Beaver Dam’s Church Health Services begins 25th year
Few businesses show their success with a zero-balance at the end of a year, but that is exactly what Church Health Services in Beaver Dam has been doing for 24 years.
In this their 25th anniversary year, that much has remained a constant, and their mission continues — to provide health care, dental care and mental health services to those in need.
“As an organization we don’t have to make money,” said Executive Director Thea O’Connor. “As long as we hit zero at the end of the year we’re OK.”
O’Connor is the only full-time person on staff, with an additional four-and-a-quarter equivalent positions filled by part-time staffers. Physicians and counselors are often paid, but only a fraction of their professional fees.
“We’re a non-profit, so we can’t afford to pay the market rate for our professionals. We do what we can with the resources we have available to us,” said O’Connor.
Bev Beal-Loeck, who has been there part-time for the past 15 years, is happy to be part of the organization, which is largely staffed by volunteers.
“There’s a lot of stuff getting done, and there’s so much more to do. We have big hopes for the future,” said Beal-Loeck. “We all have a real passion for what we do.”
That passion is a tradition instilled by the organization’s founder.
Dr. Mike Augustson and his pastor at Trinity Church – United Methodist, the Rev. Steve Polster, originally established a medical clinic in two Sunday school classrooms.
“Once or twice a month Dr. Mike would hold a clinic for adults only,” said O’Connor, who has been with the non-profit for just under seven years. “He noticed in his private practice that the things going on in his patients’ lives had a huge impact on their physical health. That’s when he decided that we need to deal with the whole person .... He came up with this clinic which was a great model of care – especially for those with low income because they’re the least connected. He spoke to his pastor and the church backed him.”
Clinic patients had about an hour with the doctor and were able to talk to him about the challenges of their lives. Clergy was also present to offer spiritual counseling — although that counseling was optional.
“That’s what made the clinic unique – looking at more than just the physical issues a person might have,” O’Connor said.
Exam tables were stored in corners of the classrooms. Equipment was stored in drawers and brought out during the clinics. The tables were hidden under curtains when not in use. Medical records and desks were stored in a conference room with desk drawers locked for the sake of patient privacy.
“We operated like that for 19 years,” said O’Connor. “We had a lot of patients because there are a lot of low income people in Dodge County. At one point we had to decide whether we were going to scale back to remain in our tiny space or to take a leap of faith and find a new home.”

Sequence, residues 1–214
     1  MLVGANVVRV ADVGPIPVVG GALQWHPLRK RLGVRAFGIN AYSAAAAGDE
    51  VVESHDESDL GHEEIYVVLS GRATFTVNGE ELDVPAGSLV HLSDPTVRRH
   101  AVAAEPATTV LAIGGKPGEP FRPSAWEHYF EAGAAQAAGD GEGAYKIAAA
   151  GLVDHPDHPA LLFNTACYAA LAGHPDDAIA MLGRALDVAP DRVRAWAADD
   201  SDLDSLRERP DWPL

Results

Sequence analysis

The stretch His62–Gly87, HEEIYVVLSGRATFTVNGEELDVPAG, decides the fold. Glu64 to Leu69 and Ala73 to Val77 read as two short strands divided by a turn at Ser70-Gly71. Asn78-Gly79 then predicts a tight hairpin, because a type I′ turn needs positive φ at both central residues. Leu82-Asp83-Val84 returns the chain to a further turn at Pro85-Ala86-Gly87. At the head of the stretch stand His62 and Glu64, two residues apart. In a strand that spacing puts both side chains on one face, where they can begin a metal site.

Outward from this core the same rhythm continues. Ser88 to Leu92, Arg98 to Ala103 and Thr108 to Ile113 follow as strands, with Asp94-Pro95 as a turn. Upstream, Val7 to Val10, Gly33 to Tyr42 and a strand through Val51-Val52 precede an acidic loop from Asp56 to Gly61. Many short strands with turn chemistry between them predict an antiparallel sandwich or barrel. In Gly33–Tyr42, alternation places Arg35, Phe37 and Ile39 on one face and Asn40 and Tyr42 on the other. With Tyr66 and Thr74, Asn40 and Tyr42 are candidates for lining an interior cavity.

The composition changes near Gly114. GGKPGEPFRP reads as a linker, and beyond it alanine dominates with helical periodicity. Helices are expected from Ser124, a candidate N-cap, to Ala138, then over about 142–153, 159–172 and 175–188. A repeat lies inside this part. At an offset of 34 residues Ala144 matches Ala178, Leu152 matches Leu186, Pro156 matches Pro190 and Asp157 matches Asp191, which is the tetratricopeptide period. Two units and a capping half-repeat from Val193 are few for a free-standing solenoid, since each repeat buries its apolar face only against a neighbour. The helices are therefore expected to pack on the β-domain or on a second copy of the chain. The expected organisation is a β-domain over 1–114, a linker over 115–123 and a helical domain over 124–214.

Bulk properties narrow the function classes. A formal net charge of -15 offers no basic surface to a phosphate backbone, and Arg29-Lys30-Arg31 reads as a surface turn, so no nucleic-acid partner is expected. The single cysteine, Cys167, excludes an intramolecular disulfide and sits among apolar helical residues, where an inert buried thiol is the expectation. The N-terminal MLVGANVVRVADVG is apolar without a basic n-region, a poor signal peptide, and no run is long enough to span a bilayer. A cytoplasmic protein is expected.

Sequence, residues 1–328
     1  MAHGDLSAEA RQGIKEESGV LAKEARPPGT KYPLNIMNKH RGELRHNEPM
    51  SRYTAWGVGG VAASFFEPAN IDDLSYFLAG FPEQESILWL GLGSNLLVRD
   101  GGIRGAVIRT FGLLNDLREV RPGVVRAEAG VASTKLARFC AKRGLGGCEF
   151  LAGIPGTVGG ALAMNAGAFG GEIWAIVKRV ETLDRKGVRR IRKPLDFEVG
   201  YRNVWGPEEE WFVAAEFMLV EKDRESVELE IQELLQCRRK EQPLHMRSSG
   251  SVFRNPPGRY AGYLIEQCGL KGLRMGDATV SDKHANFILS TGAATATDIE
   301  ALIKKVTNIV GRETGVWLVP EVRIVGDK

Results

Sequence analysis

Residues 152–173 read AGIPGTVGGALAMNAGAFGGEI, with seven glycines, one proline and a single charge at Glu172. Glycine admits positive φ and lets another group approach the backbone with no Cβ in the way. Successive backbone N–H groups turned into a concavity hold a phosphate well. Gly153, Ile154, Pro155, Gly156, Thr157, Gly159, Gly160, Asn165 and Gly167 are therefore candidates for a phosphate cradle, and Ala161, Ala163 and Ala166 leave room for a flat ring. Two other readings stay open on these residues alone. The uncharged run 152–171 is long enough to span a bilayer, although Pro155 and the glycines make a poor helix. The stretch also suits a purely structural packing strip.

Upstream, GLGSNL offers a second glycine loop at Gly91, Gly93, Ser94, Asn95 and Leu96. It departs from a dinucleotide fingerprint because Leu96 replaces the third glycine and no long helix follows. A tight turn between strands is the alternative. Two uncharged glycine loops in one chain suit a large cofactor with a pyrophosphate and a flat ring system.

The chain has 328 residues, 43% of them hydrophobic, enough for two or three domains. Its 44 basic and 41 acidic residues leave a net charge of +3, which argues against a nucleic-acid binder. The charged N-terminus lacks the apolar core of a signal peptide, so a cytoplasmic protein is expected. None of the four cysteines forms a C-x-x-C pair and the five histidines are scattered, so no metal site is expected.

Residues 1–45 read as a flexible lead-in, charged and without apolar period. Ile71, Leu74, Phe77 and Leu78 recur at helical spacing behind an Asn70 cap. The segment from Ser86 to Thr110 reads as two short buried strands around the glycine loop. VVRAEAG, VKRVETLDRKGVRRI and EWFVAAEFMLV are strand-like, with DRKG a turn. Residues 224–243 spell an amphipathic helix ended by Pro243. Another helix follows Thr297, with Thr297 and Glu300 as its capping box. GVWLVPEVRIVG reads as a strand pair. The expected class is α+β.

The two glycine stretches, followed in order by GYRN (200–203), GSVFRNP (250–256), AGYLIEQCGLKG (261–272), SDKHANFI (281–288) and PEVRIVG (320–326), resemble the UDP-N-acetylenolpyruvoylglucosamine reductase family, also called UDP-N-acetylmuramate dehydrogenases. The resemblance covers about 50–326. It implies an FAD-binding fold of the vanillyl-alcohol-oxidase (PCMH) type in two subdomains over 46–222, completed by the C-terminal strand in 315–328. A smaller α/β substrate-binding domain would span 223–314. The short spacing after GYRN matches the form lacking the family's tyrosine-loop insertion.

In July 2012, Church Health bought the former St. Patrick’s Church Rectory and by December it was remodeled and opened as the new Church Health Services facility.
The clinic helped approximately 500 patients in 2013.
After the Affordable Care Act was made law, medical patients dropped dramatically.
At the end of 2017 the clinic had about 35 regular patients. While most previous patients were receiving the care they needed, there were still others who were falling between the cracks. Drop-in clinics were implemented to meet those needs, along with an increased focus on meeting dental and mental health needs.
There are currently two to three medical clinics a month, with four to six patients at each clinic. Volunteers either help those patients directly with on-call volunteer physicians, or refer them to the place where they will find the help they need.
Dental health needs, on the other hand, have skyrocketed. Two former health exam rooms were added to the dental clinic space, allowing for four dental stations (three for procedures and one for hygiene) equipped with donated equipment.
“At the end of 2018, we were at a little over 1,800 dental patients,” said O’Connor. “Five hundred and seven were children. In 2018, we opened our dental and mental health clinics to kids.”
Mental health services have grown dramatically since mental health services have been offered in schools, including Beaver Dam for the past two years and last year in Waupun, with a soon-to-come trail in Horicon. In Beaver Dam, licensed professional counselors spend a designated amount of time in every school – intervening in challenging situations or just being present for children facing challenging situations or other obstacles to learning.
A total of about 57 kids are currently being seen weekly in the Beaver Dam School District, including a behavioral therapy group teaching emotional and coping skills to teens.
In Waupun, sessions are also offered for those at risk for alcohol and other drug abuse, in advance or instead of possible expulsion for violating school policies.
Such a program is being considered for Beaver Dam as well.
A total of 100 kids are being seen weekly in the Waupun Area School District.
A pilot program is being proposed for junior and senior high school in the Horicon School District.
CHS pursues Medicaid reimbursement whenever possible, but the largest part of the budget is provided by private donors and government grants. Given that ongoing challenge to find money, O’Connor strives to spend those funds wisely. The group’s annual budget stands at around $600,000.
Nothing in health care stays the same, according to O’Connor, and adaptability has been key to the organization’s long-standing success.
“I think we’re getting better and better as we move forward,” said O’Connor. “We always roll up our sleeves and face whatever comes our way. The only thing constant here is change.”